The mainstay of all treatment for PD is through pharmacological means i.e. drug therapy. Each individual will be placed on a specific drug regime to give optimal control of symptoms throughout the day and to minimise “off” periods. An “off” period is a state of reduced mobility when the medications have least effect. Fluctuations in motor control.
Drugs for use in Parkinson’s act to temporarily increase the dopamine levels in the brain or to mimic the effect of dopamine. Levodopa, Dopamine agonists and MAO-B inhibitors are among the common drugs used in PD. Although Medications are the most effective method for controlling the symptoms of PD, several therapies are beneficial for the long-term management of the condition.
Physiotherapy is a vital component of the long- term management of PD. National clinical guidelines recommend that Physiotherapy is incorporated into any multi-disciplinary management plan for PD.
It can specifically address the movement related characteristics of the condition with the aim to maintain mobility and balance and maximise functional independence and quality of life.
Physiotherapy will focus on mobilising joints that have become stiff to help regain normal movement, particularly in the trunk. Exercises to improve the flexibility of tight muscles will also help towards moving more freely. A gentle stretching programme may form part of your treatment plan. Posture re-education is a key component to prevent the stooping posture seen in PD sufferers. Restoring postural stability will also have a subsequent effect on balance, however, specific balance re-training will form an important part of the programme.
Aside from dealing with problems with mobility, flexibility, posture and balance, physiotherapy will focus more specifically on the daily activities you are struggling with at home whether it is getting in and out of bed, climbing stairs, rising from a chair or walking the dog. It is important to incorporate this more functional approach to rehabilitation to make it more meaningful to you and to achieve the greatest gains from your treatment. The Physiotherapist can advise you on how best to carry out these tasks, simplifying where necessary. An occupational therapist may also be involved at this stage to provide assistive devices in the home to help with certain activities.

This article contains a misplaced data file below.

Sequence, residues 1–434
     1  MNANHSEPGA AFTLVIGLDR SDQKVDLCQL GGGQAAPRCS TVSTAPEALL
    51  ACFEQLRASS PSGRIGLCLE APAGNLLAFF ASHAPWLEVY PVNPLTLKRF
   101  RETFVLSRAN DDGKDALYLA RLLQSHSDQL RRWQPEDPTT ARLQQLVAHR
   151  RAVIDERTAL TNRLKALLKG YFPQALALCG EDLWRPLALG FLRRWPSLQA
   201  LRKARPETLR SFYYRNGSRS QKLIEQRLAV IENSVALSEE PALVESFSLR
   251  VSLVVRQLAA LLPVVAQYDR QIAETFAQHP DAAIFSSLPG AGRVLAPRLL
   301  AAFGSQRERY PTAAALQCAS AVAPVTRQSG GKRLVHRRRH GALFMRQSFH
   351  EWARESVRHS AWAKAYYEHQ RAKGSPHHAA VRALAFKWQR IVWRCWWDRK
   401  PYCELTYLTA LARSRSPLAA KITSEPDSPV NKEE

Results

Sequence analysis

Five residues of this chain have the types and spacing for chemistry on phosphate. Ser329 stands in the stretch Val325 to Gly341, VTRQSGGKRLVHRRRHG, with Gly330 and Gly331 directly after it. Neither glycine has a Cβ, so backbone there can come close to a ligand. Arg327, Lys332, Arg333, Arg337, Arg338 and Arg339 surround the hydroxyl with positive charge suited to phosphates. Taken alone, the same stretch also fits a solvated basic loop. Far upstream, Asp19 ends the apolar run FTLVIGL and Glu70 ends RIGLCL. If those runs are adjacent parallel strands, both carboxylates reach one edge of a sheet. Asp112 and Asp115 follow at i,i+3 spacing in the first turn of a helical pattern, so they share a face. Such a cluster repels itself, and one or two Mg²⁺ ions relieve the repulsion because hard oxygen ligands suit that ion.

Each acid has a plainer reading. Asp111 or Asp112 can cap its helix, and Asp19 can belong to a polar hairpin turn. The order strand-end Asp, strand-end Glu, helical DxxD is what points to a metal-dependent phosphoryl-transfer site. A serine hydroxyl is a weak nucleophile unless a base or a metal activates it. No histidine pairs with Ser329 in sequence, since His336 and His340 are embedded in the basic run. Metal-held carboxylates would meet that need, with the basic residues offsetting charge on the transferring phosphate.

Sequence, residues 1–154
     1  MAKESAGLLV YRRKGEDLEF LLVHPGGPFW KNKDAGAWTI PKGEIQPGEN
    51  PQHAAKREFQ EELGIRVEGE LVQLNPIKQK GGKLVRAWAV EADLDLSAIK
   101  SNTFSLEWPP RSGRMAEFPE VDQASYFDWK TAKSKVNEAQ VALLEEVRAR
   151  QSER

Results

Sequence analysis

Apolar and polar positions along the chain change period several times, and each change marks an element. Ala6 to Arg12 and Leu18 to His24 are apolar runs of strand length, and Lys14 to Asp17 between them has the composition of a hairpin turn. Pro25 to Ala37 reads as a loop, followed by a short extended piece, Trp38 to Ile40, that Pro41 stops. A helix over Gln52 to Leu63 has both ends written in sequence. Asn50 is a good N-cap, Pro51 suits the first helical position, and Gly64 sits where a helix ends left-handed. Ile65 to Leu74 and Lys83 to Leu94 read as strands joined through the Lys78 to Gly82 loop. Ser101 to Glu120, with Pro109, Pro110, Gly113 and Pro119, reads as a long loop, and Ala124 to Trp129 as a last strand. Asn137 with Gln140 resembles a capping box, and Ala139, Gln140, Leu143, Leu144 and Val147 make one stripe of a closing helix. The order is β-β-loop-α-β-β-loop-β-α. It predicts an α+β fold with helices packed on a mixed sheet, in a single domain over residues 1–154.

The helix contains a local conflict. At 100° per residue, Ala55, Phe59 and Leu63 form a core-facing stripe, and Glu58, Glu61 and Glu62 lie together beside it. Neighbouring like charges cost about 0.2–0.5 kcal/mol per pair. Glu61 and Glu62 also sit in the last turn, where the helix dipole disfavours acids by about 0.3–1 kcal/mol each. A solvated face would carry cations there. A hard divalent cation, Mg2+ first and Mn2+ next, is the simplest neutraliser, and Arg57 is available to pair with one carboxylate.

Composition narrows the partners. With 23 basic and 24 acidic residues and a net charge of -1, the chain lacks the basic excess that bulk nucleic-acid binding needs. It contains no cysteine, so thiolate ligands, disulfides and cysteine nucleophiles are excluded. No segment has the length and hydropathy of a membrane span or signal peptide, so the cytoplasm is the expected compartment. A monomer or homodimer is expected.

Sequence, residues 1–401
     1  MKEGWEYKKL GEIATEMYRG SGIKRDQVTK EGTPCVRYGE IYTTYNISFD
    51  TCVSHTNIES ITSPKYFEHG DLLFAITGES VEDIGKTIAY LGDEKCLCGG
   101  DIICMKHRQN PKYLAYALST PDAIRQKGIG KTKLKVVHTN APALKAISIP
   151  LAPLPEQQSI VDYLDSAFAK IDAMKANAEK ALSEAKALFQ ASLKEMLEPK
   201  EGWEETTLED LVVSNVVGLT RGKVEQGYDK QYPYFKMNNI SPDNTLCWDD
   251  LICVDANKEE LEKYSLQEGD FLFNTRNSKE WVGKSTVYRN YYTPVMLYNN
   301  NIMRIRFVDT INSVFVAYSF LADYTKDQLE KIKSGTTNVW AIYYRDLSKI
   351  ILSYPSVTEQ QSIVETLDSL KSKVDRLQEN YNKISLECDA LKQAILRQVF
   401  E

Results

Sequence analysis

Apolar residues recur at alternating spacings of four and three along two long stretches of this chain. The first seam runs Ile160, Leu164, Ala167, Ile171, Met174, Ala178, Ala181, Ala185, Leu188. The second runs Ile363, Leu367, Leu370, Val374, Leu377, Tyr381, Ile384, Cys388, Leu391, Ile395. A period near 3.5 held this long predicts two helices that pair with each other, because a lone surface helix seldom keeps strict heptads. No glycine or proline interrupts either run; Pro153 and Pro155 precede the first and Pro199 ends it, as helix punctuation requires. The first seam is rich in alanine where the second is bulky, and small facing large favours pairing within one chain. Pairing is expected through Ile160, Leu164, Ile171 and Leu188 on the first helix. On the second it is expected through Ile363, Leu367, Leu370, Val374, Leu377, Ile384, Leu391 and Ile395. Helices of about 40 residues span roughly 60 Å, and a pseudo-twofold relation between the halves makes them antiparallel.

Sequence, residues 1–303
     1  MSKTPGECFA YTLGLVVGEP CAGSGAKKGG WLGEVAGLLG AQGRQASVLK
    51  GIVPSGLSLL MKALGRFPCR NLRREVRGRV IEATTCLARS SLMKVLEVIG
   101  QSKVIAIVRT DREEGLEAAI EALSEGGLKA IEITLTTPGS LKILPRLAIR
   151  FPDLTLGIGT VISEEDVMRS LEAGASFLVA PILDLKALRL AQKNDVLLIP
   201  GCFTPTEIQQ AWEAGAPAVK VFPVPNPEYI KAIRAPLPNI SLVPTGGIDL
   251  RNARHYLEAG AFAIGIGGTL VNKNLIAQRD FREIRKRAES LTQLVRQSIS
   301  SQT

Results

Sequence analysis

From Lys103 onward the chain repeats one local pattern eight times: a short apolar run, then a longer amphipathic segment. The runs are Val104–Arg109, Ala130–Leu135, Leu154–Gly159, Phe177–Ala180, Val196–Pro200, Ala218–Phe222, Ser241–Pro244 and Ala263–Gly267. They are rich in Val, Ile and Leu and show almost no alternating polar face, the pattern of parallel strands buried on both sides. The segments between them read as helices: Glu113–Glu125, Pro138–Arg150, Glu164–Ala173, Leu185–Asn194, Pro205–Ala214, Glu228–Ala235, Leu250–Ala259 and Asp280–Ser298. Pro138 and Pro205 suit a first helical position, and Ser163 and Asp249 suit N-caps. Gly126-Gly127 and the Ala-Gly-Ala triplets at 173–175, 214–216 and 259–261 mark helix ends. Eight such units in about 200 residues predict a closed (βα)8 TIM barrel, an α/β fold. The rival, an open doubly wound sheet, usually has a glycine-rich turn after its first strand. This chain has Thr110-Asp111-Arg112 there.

Lastly, the Physiotherapist will assess and retrain your walking pattern with or without the use of mobility aids to optimise safe and independent ambulation around your home and community. Where difficulties with turning or “freezing” are evident the Physiotherapist may advise on different coping strategies such as auditory or visual cues to alleviate these issues.
Other health professionals such as an Occupational therapist, Speech and Language therapist or dietician may be beneficial to you. Your GP or Parkinson’s nurse will recommend what is best for you and make a referral as required.
If you suffer from Parkinson’s disease and are experiencing difficulties with day to day activities, or if you have a recent diagnosis and would like advice on how to cope with and manage your condition at home, then the Physiotherapists at Portobello Physiotherapy can help. We will perform a thorough interview and assessment to see how Parkinson’s affects you and tailor a customised management plan to keep you healthy and active as your disease progresses.